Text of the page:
Though you may have seen pumpkin beers on shelves as early as July, October is really the time to drink them. The weather cools, spices compliment hearty fall foods and, in some parts of the country, farmers are actually harvesting pumpkins. Now before you type a snippy “pumpkin beers suck!” comment on this post, remember two things: 1. These spiced seasonal brews come around but once a year and 2. No one’s forcing you to buy them. Go pick up a six pack of a brown ale or Oktoberfest märzen instead if you’re not a fan.
For those who do enjoy the annual return of the spiced autumn brew, we tasted dozens and dozens of this year’s releases to pick our favorites. Pumpkins being an agricultural product, the quality of the crop can vary from year to year, as can brewers’ recipes and exact blend of spices. And while not all “pumpkin beers” are, in fact, brewed with real pumpkins (some use puree, others are just spiced autumn ales), we’re going to consider them all pumpkin beers because their spices are meant to evoke pumpkin pie flavors. To get technical, the revised 2015 BJCP guidelines lump pumpkin beers under the category of “Autumn Seasonal Beer,” so while many do contain pumpkins, that’s not required: “Spices are required, and often include those evocative of the fall or Thanksgiving season … Flavorful adjuncts are often used (e.g., molasses,brown sugar, honey, maple syrup, etc.). Squash-type or gourd-type vegetables (most frequently pumpkin) are often used.”
Everyone on board? Here are the 17 we most enjoyed. If we’re missing your favorite, tell us about it in the comments.
Avery Rumpkin: Even a quick sniff of this 18% ABV (!) rum-barrel aged pumpkin ale yields a wealth of aromas: fresh-carved pumpkin flesh, spiced rum and a caramelized, creme brulee-ish vanilla richness. The sip is like sweet maple syrup and brown sugar—seriously, we wish we could pour this on our pancakes—with just enough rum warmth to flush our cheeks.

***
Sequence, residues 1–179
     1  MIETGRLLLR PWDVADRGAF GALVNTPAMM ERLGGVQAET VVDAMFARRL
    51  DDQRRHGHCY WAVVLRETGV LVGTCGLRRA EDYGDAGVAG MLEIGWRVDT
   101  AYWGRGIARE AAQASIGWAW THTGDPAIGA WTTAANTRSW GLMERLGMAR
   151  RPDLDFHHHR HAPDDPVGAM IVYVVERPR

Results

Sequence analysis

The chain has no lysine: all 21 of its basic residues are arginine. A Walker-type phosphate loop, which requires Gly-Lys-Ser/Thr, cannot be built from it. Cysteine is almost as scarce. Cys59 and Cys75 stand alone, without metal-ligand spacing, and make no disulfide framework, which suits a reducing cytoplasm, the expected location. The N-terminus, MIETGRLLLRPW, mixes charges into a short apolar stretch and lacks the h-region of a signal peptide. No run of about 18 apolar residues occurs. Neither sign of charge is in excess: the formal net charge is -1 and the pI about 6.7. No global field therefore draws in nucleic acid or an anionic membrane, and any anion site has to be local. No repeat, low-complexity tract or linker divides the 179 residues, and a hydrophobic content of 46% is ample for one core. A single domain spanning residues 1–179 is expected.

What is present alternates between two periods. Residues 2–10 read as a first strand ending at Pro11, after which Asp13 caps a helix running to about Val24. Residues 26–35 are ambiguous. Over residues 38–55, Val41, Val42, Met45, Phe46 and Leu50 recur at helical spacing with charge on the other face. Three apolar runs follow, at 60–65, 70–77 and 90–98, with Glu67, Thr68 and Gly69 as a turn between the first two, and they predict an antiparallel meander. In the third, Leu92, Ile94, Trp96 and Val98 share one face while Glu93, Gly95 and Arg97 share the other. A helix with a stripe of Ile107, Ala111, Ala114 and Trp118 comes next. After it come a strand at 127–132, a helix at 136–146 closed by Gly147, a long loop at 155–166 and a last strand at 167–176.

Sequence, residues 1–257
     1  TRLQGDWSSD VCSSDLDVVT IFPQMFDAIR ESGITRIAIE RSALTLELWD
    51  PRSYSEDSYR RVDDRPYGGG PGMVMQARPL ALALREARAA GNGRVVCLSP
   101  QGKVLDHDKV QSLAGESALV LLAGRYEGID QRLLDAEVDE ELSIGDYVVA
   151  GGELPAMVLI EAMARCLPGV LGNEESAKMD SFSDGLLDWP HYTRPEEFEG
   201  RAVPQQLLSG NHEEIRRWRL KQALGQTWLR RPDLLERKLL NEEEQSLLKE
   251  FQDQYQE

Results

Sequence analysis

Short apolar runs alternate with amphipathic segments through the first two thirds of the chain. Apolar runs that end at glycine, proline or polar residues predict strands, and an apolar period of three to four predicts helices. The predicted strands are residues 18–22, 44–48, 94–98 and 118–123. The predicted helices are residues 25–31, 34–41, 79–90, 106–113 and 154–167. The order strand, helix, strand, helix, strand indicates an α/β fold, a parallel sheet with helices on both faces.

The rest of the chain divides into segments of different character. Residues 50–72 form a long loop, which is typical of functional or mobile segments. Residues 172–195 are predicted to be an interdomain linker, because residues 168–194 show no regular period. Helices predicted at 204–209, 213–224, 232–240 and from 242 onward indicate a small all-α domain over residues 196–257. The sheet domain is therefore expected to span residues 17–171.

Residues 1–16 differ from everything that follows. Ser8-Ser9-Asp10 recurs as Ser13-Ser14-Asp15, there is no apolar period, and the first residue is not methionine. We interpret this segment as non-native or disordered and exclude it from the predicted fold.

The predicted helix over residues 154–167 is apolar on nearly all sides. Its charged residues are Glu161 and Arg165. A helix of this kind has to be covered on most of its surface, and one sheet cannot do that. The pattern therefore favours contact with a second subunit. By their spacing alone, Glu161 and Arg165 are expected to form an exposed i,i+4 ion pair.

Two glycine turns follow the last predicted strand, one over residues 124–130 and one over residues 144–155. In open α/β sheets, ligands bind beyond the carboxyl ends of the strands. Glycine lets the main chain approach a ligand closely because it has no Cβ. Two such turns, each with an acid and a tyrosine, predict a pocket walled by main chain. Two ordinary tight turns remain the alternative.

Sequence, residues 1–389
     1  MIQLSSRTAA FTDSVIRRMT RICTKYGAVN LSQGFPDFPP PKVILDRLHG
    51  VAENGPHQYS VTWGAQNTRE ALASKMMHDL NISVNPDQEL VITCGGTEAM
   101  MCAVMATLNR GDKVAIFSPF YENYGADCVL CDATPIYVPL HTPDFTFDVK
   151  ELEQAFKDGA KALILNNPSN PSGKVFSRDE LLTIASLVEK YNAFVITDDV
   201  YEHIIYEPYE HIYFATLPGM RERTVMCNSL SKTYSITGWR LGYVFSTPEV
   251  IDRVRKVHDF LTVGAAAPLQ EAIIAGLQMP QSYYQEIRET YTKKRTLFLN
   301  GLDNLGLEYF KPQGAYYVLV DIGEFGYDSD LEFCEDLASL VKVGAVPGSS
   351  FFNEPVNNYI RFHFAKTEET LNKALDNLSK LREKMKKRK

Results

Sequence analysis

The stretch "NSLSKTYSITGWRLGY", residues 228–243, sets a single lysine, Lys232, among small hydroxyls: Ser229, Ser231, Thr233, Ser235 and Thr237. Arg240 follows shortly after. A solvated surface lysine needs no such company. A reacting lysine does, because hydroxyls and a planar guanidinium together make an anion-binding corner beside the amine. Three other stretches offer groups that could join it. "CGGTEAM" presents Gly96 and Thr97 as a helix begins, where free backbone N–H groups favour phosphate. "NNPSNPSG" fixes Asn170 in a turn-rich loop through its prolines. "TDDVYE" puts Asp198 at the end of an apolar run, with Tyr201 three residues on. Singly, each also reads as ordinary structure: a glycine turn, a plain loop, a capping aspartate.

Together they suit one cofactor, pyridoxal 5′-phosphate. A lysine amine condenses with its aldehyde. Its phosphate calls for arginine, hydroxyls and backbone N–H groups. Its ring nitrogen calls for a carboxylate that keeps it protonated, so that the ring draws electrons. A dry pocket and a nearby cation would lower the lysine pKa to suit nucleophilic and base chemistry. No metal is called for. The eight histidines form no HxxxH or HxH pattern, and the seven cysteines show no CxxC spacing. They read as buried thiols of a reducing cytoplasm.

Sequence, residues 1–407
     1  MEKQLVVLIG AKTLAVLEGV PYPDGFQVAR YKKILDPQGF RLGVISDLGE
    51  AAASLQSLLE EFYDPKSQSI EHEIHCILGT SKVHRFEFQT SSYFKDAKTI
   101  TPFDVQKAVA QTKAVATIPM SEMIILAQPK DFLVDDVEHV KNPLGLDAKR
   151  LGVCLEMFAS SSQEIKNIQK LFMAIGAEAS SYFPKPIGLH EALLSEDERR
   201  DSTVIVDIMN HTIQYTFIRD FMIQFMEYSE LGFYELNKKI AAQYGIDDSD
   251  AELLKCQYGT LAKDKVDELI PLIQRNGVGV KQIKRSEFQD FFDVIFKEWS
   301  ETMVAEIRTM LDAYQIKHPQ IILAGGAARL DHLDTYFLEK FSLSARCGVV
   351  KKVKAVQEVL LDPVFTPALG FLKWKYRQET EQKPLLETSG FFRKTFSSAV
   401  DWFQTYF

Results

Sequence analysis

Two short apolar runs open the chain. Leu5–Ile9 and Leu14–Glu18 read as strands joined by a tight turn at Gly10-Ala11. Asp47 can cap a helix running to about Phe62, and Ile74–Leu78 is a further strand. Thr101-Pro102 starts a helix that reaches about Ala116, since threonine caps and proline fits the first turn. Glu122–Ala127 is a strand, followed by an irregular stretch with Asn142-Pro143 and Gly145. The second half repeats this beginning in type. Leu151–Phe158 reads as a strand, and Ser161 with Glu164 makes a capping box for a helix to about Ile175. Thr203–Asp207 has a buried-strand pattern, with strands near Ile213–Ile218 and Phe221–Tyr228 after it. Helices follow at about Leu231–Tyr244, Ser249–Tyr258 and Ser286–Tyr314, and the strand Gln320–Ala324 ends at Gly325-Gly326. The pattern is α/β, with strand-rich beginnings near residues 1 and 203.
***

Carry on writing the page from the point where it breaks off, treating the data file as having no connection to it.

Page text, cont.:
Almanac Farm to Barrel Pumpkin Sour: If you dislike pumpkin beers but feel compelled to bring one to a fall-themed party, find this beer. It’s aged in wine and bourbon barrels and is actually nothing like a traditional pumpkin ale: pumpkin and spice are nearly undetectable underneath cabernetlike tartness and lightly oaky bourbon barrel flavor. This sour is really something like a Flanders red masquerading as a pumpkin beer, a welcome break from the ubiquitous spiced amber ale.
Heavy Seas The Greater Pumpkin: Another boozed-up pumpkin offering, The Greater Pumpkin is aged in bourbon barrels which yield a surprisingly light aroma of cinnamon and pumpkin pie crust. The sip hides its 10% ABV well in a cloak of vanilla, cinnamon and pumpkin flesh.
Samuel Adams Harvest Pumpkin Ale: Boston Beer Co. brews multiple Samuel Adams pumpkin beers, including Double Jack and Pumpkin Batch, but we liked the easy-drinking Harvest Pumpkin Ale version for its nutty, toffee malt background that supports moderate pumpkin flesh, nutmeg, allspice and vanilla flavors that don’t become cloying, even after a multiple sips.
Lakefront Imperial Pumpkin: Brandy barrel-aging adds some prickly, sweet alcohol that nips at the edges of this 9.5% brew; if the beer style “autumn warmer” existed, this would define it. The brandy barrel’s notes of candied pome fruits harmonize well with the malts’ toffee richness, augmented by brown sugar and cinnamon. Sip slowly.
Iron Hill Pumpkin Ale: In 16-ounce cans for the first time, this beer is the real deal: it’s brewed with whole, roasted and pureed pumpkins (about 3.5-4 lbs. per barrel). Take it on your hayride or autumn picnic; there’s plenty of pumpkin pie spices and cinnamon, but strong malt breadiness gives it a good base while a perfect level of carbonation whisks away the intense spice.
Denver Beer Co. Hey! Pumpkin: This copper-colored ale smells and tastes like a Snickerdoodle or a bowl of Cinnamon Toast Crunch; the malts read as lightly toasted cereal with plenty of brown sugar and cinnamon spice. Earthy hops add a pinch of bitterness at the finish, which helps temper the swallow’s sweetness.